National Literacy and Numeracy Learning Progressions

‘A learning progression can be described as a common pathway of conceptual development or a sequence for learning or acquiring a new skill.’ 

Although a little overwhelming to begin with, we celebrated when a national Australian Curriculum was introduced. At last students in all states of Australia would be taught the same fundamental skills across all learning areas. No more children moving states and feeling lost because they’ve missed out on work taught in different years!

Then, lo and behold, it wasn’t very long before different states decided to create their own versions of the Australian Curriculum!

Admittedly, the national curriculum was very general and did not limit teachers from taking their own view of what they thought each content descripton meant. Many teachers, I’m sure, would have preferred a curriculum that ‘spelled things’ out more clearly.

Now, we have the National Literacy and Numeracy Progressions which were published at the beginning of this year. Where do they fit in? The ‘elements’, ‘sub-elements’ and ‘indicators’ differ somewhat from strands, sub-strands, content descriptons and elaborations in the Australian Curriculum, adding some confusion.

The elements and sub-elements for both numeracy and literacy are shown in the images below.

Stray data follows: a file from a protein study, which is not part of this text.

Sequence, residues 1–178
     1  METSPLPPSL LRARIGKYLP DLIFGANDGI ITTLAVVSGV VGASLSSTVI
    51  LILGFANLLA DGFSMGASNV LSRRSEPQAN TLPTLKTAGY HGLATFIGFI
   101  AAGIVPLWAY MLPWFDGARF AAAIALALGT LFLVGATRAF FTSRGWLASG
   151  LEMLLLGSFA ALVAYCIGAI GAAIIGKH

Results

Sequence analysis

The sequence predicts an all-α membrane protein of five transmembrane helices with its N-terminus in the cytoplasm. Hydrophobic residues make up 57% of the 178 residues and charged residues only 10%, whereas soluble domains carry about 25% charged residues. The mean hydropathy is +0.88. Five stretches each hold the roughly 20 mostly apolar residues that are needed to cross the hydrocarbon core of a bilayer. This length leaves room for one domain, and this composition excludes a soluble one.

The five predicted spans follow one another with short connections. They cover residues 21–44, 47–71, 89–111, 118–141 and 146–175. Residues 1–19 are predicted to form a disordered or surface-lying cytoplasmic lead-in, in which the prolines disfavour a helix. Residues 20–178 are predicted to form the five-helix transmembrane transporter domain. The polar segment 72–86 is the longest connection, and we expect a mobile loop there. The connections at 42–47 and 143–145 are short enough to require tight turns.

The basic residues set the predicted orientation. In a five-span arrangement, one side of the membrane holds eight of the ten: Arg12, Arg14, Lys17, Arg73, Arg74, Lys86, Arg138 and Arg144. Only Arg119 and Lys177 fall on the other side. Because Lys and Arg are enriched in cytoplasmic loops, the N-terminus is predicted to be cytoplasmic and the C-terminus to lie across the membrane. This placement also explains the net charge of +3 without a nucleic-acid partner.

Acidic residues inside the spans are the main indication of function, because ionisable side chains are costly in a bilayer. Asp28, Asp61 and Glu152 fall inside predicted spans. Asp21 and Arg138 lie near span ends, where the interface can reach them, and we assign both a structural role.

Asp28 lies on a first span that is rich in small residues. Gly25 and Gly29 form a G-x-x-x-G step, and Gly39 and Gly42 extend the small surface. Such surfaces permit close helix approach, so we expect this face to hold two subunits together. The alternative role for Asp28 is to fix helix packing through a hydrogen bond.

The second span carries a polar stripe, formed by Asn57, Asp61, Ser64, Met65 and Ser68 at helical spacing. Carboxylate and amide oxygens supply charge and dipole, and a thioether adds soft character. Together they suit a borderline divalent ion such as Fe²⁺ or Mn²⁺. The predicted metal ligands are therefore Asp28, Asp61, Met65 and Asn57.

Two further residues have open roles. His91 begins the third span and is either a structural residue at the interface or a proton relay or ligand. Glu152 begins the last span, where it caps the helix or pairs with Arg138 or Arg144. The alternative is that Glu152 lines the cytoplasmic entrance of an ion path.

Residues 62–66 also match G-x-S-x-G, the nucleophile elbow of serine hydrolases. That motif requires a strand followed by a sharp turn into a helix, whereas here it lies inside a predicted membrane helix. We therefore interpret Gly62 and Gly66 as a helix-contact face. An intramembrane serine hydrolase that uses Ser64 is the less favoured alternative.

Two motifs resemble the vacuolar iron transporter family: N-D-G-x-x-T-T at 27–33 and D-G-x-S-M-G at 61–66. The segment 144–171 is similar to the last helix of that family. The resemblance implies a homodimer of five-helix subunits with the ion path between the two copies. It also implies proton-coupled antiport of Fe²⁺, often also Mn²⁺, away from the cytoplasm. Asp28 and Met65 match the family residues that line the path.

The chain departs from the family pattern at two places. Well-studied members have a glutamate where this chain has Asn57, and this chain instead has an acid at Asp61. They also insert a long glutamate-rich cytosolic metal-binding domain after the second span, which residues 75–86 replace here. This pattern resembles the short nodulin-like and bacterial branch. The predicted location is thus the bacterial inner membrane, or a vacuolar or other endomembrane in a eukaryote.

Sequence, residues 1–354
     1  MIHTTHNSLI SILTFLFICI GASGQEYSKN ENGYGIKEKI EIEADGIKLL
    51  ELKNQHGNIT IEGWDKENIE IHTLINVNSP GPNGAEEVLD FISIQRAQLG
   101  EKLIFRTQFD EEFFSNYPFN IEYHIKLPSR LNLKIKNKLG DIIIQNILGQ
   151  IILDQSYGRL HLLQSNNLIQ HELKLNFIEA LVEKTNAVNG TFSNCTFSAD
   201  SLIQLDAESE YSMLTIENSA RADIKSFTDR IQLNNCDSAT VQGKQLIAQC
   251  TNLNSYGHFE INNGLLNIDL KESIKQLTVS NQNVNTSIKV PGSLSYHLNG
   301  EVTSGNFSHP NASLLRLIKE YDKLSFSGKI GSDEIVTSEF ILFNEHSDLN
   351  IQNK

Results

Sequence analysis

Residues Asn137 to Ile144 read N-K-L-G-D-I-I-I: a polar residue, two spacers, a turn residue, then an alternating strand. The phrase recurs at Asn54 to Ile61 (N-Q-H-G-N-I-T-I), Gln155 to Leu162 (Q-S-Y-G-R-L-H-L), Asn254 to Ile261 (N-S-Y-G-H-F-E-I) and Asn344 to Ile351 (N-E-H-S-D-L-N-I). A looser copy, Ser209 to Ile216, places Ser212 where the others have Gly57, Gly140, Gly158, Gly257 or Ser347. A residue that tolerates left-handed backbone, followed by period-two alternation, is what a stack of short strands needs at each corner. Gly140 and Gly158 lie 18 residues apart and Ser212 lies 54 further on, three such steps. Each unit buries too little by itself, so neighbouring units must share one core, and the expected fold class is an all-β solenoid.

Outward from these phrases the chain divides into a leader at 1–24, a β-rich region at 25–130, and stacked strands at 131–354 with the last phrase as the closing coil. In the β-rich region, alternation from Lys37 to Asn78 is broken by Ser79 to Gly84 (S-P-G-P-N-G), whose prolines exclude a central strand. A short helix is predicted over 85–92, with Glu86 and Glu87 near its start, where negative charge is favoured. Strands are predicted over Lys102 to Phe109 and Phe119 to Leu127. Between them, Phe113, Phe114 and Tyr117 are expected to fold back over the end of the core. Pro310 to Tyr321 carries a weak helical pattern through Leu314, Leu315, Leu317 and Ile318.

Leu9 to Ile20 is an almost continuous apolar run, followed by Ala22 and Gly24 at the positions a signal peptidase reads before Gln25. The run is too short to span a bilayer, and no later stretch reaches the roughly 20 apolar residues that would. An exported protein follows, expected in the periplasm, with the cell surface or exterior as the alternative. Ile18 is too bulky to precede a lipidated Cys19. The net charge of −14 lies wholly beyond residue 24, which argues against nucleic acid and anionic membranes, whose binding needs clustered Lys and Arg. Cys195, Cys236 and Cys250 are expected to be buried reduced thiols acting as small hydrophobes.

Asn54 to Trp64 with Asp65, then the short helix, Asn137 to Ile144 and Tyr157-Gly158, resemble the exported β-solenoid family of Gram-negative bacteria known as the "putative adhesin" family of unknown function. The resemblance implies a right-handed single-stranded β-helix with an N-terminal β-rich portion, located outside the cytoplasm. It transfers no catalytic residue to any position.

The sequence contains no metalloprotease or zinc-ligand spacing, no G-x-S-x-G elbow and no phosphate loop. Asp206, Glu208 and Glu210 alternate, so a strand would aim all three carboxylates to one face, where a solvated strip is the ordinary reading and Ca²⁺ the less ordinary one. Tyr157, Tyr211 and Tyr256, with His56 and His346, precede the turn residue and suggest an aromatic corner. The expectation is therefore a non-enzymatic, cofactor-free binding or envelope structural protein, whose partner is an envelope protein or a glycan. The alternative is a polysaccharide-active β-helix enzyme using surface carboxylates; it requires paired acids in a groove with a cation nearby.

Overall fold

Image source: australiancurriculum.edu.au

It’s interesting that the literacy headings and sub-headings are very similar to outdated curricula and curriculum frameworks. Perhaps if the ‘headings’ correlated with the current Australian Curriculum headings, teachers might find it easier to use the progressions.

ACARA states that the content of the Australian Curriculum—knowledge, understanding and skills; and achievement standards—are still mandatory. The literacy and numeracy progressions are meant to ‘provide a sequence of development of literacy and numeracy skills, (and) amplify the literacy and numeracy in the Australian Curriculum. They do not replace the curriculum’. [Source: australiancurriculum.edu.au] They are not meant to give content or tell teachers what to teach.

Within the Australian Curriculum, teachers should be able to use the literacy and numeracy progressions to better cater for students’ individual needs. Whole-school implementation is encouraged so students within a school continue to move along their learning journey.

However, it is very difficult to see how the literacy progression amplifies and supports the Australian Curriculum when it’s hard to correlate the two. There are no links to content descriptons or year levels (not even ‘typical’ ones) and the wording is completely different. So where do you look if you need to know where your students are on the progressions and what they should have been taught and what to teach them next to help them progress?

If you have any ideas, please make a comment, as I’m sure others would like to know how to use the literacy and numeracy progressions effectively too!!

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